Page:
The phrase “clean wine” elicits a reaction akin to finger nails scraping across an old slate blackboard—to those of you unfamiliar with the sensation, consider yourself lucky. Now that you know my visceral reaction to what I view as a fad, an explanation is in order.
I’m unsure what clean wine is, but I know that wine begins as dirt, or at least as grapes on vines planted in dirt. In addition, since they live outdoors with minimal canopy cover, even organically grown grapes taken into the winery for processing bring with them dust blown by the wind, as well as bird waste and insect parts, not to mention potential fungus residue. Sorting, pressing and fermenting somewhat cleans up some of the mess, and by ending anywhere from 9% to 15% alcohol the resulting juice is somewhat sanitized, too.
Yes, I am being facetious—you and I know that some people add things to wine. Do those additions make the wine dirty? Do clean wine promoters provide the answer to that question?
We probably should all embrace the concept of buying products that have experienced as little human intervention as possible. Some of us follow this line of thinking in our food preferences and even in the natural-fiber clothing we wear, so it should be with wine, too. At times, however, the quest for perceived purity can lead to absurdity, especially when those espousing a purist viewpoint seem to want to start a war.
If you want to make war you need to be willing to get into the trenches. By that I mean when you talk about scientific matters you ought to know something about the science; when you talk about production methods, you ought to know that subject, too; and when you talk about what goes on a wine label, at least study the regulations. Some of what I’ve read recently concerning clean wine has exposed a lack in the knowledge department. At best they are misleading, and at their worst they are just wrong.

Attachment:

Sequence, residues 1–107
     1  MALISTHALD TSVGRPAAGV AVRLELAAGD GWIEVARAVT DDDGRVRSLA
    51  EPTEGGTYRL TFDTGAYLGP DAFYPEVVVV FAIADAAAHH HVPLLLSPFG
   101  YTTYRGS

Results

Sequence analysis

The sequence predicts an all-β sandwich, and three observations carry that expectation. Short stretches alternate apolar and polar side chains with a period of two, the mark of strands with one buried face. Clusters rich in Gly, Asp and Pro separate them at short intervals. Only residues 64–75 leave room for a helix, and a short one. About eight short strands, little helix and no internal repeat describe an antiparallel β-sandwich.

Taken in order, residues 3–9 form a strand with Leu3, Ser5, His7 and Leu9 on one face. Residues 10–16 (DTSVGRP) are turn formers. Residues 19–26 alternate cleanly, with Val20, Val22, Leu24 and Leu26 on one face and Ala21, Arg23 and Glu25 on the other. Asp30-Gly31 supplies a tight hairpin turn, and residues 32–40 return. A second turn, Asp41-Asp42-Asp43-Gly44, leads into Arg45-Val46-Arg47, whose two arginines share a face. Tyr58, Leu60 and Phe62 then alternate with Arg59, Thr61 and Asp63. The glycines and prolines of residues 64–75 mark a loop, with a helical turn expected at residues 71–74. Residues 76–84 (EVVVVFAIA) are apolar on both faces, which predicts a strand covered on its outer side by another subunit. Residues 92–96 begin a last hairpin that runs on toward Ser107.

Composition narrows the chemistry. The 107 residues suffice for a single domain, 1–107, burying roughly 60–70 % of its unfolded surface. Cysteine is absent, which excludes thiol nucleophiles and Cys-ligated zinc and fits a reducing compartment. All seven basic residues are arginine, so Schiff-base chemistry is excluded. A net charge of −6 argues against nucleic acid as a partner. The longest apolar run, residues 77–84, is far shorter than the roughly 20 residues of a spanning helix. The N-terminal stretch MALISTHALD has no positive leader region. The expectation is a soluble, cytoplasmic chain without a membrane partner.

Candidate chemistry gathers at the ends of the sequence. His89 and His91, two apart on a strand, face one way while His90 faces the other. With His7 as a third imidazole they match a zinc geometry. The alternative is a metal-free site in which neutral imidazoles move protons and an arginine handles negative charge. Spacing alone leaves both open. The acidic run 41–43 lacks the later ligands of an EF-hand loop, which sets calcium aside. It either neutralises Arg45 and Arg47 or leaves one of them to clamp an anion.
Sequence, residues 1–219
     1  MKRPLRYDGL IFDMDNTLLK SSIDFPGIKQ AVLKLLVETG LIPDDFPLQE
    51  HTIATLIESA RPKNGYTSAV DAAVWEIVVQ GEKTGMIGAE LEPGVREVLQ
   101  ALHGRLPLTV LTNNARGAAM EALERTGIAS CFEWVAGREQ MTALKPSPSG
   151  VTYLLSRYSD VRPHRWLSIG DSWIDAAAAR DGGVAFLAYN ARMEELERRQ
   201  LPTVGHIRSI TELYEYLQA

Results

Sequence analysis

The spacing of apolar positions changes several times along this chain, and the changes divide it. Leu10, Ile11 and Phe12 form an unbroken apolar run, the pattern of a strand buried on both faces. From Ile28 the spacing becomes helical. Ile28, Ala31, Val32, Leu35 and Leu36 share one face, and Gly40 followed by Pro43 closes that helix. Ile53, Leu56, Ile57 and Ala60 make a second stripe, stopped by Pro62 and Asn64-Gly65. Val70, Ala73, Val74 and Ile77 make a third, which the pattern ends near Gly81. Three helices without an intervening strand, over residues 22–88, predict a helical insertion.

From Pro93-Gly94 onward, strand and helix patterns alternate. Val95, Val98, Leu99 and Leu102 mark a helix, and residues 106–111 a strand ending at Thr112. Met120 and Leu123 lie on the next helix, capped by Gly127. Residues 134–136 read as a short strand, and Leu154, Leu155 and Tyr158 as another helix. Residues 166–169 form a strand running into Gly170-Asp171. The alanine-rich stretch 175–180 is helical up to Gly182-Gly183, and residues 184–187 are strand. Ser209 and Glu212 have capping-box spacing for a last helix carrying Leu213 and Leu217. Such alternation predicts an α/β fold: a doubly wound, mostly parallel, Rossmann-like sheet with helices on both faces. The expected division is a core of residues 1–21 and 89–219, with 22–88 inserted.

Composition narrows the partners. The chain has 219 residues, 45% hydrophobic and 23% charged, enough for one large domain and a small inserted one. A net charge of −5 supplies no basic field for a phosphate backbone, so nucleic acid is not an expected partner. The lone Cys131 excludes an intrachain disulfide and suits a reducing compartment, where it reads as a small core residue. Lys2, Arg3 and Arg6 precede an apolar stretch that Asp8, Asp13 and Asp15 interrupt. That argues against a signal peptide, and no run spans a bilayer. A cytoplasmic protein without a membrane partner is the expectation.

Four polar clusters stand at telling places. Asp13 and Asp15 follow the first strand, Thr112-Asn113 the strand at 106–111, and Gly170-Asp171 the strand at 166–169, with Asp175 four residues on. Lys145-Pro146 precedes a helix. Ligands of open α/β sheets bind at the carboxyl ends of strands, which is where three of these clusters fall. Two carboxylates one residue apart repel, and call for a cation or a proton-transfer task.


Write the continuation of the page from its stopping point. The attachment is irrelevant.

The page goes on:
In fact, rather than an information campaign, the clean wine people, some of whom are celebrities like Cameron Diaz, seem largely engaged in a negative promotional campaign. They try to scare people into buying their products by claiming other wines will give you hives or bloated liver or celeriac disease or other ailments, and they do this without offering an iota of diagnostic proof—if drinking wine makes you feel sick by self-diagnosis a doctor may be needed more than a new wine.
A famous Paul Masson ad in the 1970s and 80s had Orson Welles, a celebrity, telling consumers, “We will sell no wine before its time.” Notice the positive aspect of that ad line, but also notice its unsaid reference to the competition, the implication being that other wine producers might sell their wine before its time. That kind of ad promotes a product in a positive way, highlighting its individual merit without denigrating other producers or products.
Over many years in the business I’ve touched all aspects of the wine industry, as a grape grower, winemaker, wine writer and wine marketer and salesman. I say with confidence it is not a good idea to promote your product by tearing down the competition. It’s only a matter of time before people with knowledge and facts find a way to weaken your story; they may even question your sincerity: see Master Sommelier and wine author Victoria James’ letter to the industry.
Finally, even consumers who might respond to negative messaging will still measure your product against what they have been drinking. If the clean wine you produce or represent does not offer an exceptional experience, those consumers will probably turn to the next fad wine, or maybe they will turn to hard seltzer!